February 9, 2021
Roadmap to unity: How Indiana State Museum and Historic Sites' board prevailed in achieving compliance among its Friends groups
Board members and volunteers at 11 historic sites navigate a year-long journey to reach a model of collaboration 
(Para leer en español, haga clic aquí) Translated by LUNA Language Services
by Shari Finnell, editor, Not for Profit News

When volunteers are providing an invaluable service to a nonprofit, it can be challenging to tell them that they have it all wrong in some critical areas — especially when they’ve been operating in that mode for years or, in some cases, decades.
That was the dilemma facing the Indiana State Museum and Historic Sites' board of directors following a March 6, 2019. meeting in which its past board president, Greg Pemberton, an attorney outlined the need to update a Memorandum of Understanding (MOU) Plan for the Friends groups connected to its network of 11 historic sites across the state of Indiana.
“Many of these groups have kept the state at arm’s length for several years, and some are untrusting when both the Friends groups and the Indiana State Museum and Historic Sites (ISMHS) organization both have the same goal,” Pemberton said during the 2019 meeting, before leading a board discussion on numerous areas of concern:
  • Friends groups cannot operate independently of the overall museum system. However, many had been acting independently for decades, developing their own branding for their websites and marketing collateral; operating board-related activities for their respective sites; and, in some cases, identifying themselves as separate 501(c)3 organizations.

  • Some of the groups had been inconsistently reporting tax information to the state, which is required under law.

  • Each group had been operating under outdated MOUs, which were drafted before the museum system became a quasi-state agency in 2011. All guidelines would need to be updated to align with legal requirements outlined by the attorney general’s office. The new guidelines would dictate that all funding and donations from the 12-network system, including the Indiana State Museum in Indianapolis, must come from one unified fund.
The board members seemed optimistic that many of these issues could be quickly addressed with new Community Partner Guidelines, and a series of discussions with its Friends groups. By the end of the board meeting, Cathy Ferree, ISMHS president and CEO, and Kate Brownlee, then ISMHS chief development officer, had agreed to meet with ISMHS regional directors and Friends’ board of directors over a two-month period. The ultimate goal was to have the Friends groups operating under the new guidelines by July 1, 2019.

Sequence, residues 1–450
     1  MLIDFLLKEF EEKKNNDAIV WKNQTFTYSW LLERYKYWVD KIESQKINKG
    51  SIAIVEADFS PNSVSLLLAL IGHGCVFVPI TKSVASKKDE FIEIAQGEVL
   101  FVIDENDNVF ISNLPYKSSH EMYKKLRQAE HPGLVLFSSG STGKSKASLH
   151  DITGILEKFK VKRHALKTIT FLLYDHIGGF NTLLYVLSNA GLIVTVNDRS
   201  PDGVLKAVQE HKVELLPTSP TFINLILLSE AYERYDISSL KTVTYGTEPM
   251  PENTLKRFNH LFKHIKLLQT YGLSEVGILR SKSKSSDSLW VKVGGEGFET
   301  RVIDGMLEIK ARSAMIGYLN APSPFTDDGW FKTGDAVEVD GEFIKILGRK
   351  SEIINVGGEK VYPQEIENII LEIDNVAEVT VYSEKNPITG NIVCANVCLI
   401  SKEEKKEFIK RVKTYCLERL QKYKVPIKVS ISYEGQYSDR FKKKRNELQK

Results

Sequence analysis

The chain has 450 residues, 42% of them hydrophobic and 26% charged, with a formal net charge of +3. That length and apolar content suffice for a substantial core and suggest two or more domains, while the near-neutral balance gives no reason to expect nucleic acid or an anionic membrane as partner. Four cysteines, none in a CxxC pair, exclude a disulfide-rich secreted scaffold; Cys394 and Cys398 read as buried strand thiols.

Encountering resistance along the way
As it turns out, shifting to the new agreement wasn’t a straightforward proposition.
Overwhelmingly, the Friends groups’ response to operating under the new guidelines was, “Why do we want to change things?,” recalled Andrew Briggs, who has been an ISM board member for about 10 years.
“A lot of these groups had been set up years ago,” said Briggs, a banker from Geneva., Ind., who also serves as the chairman of the Indiana Bankers Association. “They didn’t have a structure that was conducive to a quasi-government entity. They sort of did things their own way — ‘under our umbrella and tax ID number.’”
According to P. Garrett Adams, President/Board Chair for the T.C. Steele State Historic Site Friends group, the site in Nashville, Ind., had been operating independently for nearly 30 years. The members of the volunteer organization had developed close ties with the site staff and community, actively recruiting volunteers, raising funds for capital improvements and seeking grants to support enhancements, including a recreation of Steele’s studio wagon, AV equipment and golf carts for visitors.

When that model of operations was threatened to be disrupted, members of the Friends group feared that their long-term relationship with the site and its staff also would be impacted, said Adams, who is a pharmaceutical project manager for Eli Lilly & Co. “We were not as concerned about losing autonomy,” he recalled. “We needed a better understanding of the impact on members and membership benefits. The larger focus was on seeking to understand what it meant for our relationship to the site.”
Because of those types of concerns, at least one Friends group appealed to its local legislators to block the implementation of the new Community Partner Guidelines among the historic sites, Ferree recalled. “It was complicated,” she said. “Change is difficult for people. Many of them were confused; they didn’t understand why the rules had suddenly changed.”

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